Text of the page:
Please read these four chapters right now and watch for the following characteristics of unity among the children of Abraham:
- Be on the lookout for ways to help victims of injustice (19:2)
- Serve as a third-party advisor for someone who feels unsafe (19:3)
- Argue someone’s case for innocence to someone in authority whom you know (19:4)
- Stay close to those who need help, in good times as well as bad (19:7)
- Be willing to meet with someone who needs help and provide shelter (20:1)
- Offer strong words of support (20:4)
- Make a covenant in the name of the Lord (20:8)
- Keep the role of the Lord in front and visible during the entire relationship (20:12)
- Offer continuous blessing on someone in need (20:13)
- Remember that positions can reverse and you may be the one in need (20:14)
- A covenant may be with an individual or an entire people group (20:16)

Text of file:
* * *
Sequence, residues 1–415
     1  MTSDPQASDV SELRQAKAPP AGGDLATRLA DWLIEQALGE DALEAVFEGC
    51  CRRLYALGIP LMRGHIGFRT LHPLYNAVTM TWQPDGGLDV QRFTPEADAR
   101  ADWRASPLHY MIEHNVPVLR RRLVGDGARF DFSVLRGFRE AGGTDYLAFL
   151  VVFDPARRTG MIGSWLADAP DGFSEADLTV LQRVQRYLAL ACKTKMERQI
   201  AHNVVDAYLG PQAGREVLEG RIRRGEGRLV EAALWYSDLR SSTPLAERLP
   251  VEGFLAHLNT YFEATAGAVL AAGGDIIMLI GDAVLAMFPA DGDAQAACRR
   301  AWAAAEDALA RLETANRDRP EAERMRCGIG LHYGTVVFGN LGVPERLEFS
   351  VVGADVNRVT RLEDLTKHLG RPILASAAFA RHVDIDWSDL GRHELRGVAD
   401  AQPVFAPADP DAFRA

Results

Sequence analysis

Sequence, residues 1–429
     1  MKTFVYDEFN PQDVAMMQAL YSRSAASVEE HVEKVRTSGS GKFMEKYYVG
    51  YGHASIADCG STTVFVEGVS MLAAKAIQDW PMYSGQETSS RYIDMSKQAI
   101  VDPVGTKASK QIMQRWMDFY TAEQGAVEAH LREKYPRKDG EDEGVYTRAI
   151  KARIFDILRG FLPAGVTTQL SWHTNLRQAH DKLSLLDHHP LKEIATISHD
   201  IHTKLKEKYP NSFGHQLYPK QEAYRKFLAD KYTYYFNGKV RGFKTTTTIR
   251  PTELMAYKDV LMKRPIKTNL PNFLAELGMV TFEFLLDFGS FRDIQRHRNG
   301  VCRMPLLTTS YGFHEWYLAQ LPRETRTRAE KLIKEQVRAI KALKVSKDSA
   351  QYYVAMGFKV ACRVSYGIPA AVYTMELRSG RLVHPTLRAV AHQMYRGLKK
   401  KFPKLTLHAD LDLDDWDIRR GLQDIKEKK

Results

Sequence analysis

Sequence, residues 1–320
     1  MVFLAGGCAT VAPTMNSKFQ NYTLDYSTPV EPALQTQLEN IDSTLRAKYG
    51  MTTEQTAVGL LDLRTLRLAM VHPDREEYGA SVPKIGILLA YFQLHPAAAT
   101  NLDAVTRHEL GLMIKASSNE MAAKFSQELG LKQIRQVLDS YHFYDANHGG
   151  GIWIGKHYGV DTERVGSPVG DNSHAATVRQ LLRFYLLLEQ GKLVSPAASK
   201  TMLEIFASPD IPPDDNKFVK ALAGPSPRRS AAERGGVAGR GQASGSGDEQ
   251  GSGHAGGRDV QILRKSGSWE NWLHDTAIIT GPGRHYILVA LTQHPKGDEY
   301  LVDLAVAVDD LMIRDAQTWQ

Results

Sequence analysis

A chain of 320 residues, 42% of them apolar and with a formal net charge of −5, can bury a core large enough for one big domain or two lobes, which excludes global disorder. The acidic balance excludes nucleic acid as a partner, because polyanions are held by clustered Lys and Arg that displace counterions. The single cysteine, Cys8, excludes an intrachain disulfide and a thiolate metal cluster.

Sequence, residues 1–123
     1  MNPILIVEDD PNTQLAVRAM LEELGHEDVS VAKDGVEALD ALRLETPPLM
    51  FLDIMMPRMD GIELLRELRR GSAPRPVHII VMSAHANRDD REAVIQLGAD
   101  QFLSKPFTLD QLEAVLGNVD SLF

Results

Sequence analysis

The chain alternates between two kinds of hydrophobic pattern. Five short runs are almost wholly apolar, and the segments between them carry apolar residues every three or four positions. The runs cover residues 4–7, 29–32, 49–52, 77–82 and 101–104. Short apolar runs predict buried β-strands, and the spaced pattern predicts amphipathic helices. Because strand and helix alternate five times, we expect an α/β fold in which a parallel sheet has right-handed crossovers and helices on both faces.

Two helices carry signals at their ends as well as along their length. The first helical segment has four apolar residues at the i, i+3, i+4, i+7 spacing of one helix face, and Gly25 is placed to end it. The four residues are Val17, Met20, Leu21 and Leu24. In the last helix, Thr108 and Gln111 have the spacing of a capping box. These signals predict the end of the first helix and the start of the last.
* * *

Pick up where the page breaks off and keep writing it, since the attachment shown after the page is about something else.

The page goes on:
- Repeat your vows of cooperation frequently to each other (20:17, 23)
- Understand you may be asked to sacrifice for helping someone (20:31)
- Be passionate about a victim’s pain and suffering (20:34)
- Take the mission personally , be in solidarity (22:23)
As children of Abraham and brides of Christ in an age of persecution, immigration, and terrorism, are we truly willing to do what it takes in the name of perfect unity with all children of Abraham who know God is love, not violence and death?
Or is perfect unity simply impossible this side of heaven?
Before we decide, we should understand we may be calling Jesus wrong, so let’s be careful.
In John 17, Jesus had completed his ministry and was marching to his death on our behalf after having exhibited every one of the attributes listed above, first applied by David, Jonathan, and Ahimelech. He prayed for all of us who would believe in him to come to perfect unity, and I believe he meant in this world, not in the next.